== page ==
The government of Poland has announced that they are not pleased that France and Germany are going close to Russia, and many political authorities have criticized the bond.
Poland’s deputy prime minister accused France and Germany of having too strong ties to Russia in an interview published Sunday, as he condemned Berlin’s behaviour towards Moscow before the invasion of Ukraine.
“Germany, like France, has a strong bias in Moscow’s favor,” Jaroslaw Kaczynski, who is also the leader of the ruling Law and Justice (PiS) party, told the German daily Die Welt in an interview.
Kaczynski saved his most vital words for Berlin.
“Over the years, the German government did not want to see what Russia was doing under the leadership of (Russian President Vladimir) Putin, and we see the result today,” Kaczynski said.
“Poland is not pleased with Germany’s role in Europe,” he added.
He rebuked Berlin for seeking to rebuild what the former 19th-century chancellor Otto von Bismarck “had done… German domination but side by side with Russia”.
The Polish deputy prime minister condemned Berlin especially for failing to deliver enough weapons to Ukraine and refusing an embargo at least on the import of oil from Russia.
“It’s important to know that Russia gets four to five times more revenue from its oil sales than gas sales,” Kaczynski said.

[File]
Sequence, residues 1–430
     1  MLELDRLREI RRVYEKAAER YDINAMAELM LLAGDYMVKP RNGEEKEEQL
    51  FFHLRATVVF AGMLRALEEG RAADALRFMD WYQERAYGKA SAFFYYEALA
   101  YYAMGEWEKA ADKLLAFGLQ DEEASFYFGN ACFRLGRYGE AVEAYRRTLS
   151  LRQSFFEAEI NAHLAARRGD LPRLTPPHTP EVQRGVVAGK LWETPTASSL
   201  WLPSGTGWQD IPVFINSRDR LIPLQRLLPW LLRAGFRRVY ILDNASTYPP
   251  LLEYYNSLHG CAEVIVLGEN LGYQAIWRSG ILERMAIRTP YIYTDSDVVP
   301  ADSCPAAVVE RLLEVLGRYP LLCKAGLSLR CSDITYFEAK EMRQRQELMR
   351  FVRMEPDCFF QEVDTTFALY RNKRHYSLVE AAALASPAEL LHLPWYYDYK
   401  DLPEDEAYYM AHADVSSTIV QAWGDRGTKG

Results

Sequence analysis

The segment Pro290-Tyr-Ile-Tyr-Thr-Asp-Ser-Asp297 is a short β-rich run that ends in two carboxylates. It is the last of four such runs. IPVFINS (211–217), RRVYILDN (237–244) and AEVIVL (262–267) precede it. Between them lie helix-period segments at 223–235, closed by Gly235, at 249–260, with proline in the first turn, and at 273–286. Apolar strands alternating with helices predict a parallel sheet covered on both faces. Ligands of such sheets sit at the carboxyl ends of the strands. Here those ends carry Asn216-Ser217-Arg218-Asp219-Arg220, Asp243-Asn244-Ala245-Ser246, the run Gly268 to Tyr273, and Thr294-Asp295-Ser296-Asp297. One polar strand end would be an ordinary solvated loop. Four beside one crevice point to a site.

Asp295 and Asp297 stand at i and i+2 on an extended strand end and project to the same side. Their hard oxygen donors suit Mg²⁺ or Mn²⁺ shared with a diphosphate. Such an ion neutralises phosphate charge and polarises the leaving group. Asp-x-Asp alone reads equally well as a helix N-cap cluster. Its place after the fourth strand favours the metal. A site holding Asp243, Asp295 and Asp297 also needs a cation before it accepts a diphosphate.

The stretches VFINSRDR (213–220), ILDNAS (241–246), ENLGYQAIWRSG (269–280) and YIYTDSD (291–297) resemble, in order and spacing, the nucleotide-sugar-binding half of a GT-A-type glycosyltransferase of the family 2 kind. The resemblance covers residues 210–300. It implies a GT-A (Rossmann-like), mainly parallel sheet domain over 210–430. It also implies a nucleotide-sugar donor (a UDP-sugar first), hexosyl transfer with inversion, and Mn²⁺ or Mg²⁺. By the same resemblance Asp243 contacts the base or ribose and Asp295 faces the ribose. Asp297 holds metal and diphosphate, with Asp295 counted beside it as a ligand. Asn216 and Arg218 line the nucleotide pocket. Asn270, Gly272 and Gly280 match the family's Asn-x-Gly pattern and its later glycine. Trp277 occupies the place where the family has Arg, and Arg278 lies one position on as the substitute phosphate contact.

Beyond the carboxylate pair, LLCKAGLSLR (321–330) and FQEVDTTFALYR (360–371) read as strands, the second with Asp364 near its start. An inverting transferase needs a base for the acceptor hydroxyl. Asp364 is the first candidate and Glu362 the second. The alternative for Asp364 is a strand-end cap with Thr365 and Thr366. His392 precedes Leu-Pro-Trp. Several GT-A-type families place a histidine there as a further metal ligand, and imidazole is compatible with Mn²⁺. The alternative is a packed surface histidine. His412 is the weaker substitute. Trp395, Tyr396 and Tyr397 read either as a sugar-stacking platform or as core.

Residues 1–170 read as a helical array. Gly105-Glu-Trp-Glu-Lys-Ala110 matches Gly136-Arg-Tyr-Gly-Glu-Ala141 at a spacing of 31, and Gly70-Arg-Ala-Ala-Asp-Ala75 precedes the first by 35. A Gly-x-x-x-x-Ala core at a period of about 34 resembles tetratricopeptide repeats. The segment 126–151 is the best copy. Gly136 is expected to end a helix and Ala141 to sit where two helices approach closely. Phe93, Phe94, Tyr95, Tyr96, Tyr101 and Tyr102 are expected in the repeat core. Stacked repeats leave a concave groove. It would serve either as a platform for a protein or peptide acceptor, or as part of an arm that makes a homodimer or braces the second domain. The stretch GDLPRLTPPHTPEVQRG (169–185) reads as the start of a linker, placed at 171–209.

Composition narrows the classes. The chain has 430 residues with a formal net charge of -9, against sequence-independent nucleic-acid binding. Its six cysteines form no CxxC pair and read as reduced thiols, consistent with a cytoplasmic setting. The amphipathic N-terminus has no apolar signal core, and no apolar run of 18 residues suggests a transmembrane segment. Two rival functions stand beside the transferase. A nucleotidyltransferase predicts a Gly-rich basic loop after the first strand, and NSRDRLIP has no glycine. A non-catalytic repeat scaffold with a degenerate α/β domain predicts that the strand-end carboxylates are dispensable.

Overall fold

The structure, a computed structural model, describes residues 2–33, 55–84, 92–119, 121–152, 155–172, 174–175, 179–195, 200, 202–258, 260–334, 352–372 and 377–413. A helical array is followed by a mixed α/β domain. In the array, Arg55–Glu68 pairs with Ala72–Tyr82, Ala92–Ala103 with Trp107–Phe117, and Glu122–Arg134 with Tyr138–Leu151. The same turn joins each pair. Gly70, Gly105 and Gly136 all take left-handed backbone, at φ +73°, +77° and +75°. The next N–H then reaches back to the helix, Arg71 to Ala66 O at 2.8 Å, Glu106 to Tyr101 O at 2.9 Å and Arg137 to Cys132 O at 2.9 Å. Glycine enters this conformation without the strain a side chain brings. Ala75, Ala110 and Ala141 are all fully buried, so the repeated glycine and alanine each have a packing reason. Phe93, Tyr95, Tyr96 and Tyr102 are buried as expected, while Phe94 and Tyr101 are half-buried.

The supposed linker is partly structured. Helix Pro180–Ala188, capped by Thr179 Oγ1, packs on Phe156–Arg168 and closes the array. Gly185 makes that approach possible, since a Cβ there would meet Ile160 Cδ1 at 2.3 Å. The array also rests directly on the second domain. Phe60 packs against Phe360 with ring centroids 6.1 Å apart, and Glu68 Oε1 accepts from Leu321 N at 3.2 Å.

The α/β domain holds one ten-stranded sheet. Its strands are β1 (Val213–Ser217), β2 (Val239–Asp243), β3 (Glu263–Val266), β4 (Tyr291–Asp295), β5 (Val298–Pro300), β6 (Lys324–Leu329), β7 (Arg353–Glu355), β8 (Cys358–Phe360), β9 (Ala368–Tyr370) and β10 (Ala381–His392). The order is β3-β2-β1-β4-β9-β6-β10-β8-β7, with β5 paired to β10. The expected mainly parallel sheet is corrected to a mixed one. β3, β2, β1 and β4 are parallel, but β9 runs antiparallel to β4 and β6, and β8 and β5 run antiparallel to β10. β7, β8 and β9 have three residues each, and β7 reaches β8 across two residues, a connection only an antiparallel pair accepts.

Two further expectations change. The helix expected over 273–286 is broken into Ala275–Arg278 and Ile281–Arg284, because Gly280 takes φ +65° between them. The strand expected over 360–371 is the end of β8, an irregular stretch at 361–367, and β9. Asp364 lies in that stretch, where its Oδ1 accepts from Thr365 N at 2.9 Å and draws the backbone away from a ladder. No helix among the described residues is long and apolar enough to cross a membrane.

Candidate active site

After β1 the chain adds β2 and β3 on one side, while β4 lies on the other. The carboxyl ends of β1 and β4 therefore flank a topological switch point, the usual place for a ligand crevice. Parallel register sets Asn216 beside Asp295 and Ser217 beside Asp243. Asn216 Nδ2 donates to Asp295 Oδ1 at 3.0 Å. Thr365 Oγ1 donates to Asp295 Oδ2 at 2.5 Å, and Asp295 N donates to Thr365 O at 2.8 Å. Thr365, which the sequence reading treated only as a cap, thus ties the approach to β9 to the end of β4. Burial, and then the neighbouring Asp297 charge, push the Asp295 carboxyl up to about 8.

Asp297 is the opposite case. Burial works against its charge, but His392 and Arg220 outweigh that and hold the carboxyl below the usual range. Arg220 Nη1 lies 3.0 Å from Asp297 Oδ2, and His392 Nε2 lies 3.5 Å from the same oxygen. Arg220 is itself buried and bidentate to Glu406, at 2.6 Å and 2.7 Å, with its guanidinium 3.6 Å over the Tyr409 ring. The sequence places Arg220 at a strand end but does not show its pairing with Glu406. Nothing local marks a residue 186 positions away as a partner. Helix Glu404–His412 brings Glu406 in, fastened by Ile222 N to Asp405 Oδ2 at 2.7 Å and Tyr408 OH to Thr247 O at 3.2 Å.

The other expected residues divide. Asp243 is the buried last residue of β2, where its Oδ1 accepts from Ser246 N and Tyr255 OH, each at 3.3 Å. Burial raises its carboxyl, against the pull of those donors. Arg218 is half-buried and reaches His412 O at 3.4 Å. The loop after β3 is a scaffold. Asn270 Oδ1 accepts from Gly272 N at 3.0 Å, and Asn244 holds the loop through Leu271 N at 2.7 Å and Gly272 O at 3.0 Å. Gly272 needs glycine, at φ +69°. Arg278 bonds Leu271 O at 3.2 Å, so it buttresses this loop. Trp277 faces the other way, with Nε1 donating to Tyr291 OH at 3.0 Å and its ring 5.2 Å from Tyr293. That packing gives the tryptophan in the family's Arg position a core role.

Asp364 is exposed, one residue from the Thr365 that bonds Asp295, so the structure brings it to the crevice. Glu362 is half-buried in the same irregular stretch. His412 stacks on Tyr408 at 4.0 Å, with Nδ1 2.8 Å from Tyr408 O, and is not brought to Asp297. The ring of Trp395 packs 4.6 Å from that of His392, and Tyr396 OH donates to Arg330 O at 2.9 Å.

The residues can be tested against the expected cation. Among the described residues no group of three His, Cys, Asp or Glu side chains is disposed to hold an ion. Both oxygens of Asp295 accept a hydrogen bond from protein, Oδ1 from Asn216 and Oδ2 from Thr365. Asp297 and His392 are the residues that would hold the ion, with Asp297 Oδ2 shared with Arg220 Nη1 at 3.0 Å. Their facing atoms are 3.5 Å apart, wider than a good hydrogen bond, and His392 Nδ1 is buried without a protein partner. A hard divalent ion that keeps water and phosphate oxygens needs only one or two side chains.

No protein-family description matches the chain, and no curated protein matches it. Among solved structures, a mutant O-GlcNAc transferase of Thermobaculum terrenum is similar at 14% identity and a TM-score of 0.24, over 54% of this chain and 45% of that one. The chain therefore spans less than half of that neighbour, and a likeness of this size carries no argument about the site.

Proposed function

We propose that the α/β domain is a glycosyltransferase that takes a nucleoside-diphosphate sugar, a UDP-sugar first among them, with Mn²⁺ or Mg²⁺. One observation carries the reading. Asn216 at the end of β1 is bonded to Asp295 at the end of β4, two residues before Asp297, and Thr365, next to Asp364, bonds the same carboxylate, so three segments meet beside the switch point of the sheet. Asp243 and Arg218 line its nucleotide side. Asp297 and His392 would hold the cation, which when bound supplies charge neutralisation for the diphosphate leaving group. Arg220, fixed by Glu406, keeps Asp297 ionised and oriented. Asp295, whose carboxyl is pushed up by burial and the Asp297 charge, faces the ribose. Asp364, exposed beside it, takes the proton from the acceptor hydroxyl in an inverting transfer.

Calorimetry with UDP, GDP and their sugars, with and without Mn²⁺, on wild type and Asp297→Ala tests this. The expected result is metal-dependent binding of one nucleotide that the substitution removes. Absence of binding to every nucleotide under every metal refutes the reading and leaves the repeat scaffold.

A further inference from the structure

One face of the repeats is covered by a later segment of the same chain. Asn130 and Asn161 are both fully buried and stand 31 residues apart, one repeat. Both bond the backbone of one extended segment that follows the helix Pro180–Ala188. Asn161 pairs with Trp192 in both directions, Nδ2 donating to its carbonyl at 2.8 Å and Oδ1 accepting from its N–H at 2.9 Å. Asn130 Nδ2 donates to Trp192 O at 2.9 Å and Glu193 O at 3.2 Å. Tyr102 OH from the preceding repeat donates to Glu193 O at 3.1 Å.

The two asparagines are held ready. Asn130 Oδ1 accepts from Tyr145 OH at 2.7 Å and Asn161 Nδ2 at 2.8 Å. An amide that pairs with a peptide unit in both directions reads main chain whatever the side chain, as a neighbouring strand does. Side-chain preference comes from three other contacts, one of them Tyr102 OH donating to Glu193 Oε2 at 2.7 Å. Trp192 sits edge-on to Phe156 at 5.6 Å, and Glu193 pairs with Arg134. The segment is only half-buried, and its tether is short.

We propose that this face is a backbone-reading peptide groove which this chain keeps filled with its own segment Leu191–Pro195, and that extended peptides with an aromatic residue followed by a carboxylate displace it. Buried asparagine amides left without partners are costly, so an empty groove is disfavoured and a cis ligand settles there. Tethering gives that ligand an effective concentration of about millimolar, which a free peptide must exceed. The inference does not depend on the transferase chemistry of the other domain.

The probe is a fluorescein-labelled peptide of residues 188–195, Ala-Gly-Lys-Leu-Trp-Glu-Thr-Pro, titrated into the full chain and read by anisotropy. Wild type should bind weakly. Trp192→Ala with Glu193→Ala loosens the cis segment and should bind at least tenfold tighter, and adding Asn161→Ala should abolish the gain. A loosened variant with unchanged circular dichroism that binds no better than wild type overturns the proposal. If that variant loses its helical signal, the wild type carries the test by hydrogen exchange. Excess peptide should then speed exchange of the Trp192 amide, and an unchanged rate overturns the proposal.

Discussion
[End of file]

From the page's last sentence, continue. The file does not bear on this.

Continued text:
“We cannot continue to permanently support a great power like Russia by paying it billions,” he added.
Before Russia’s invasion on February 24th, Germany imported 55 percent of its natural gas from Russia, half its coal, and around 35 percent of its oil.
Macron has previously come under criticism for his relationship with Putin and their close contact. According to political reports, his dealings with the Russian prime minister in the wake of Russia’s invasion of Ukraine have been one such sore point.
Meanwhile, France and Germany are preparing for a cut in Russian gas deliveries. On Thursday, France’s economy minister said that Putin warned Moscow would turn off supply for those who refuse to pay in rubles.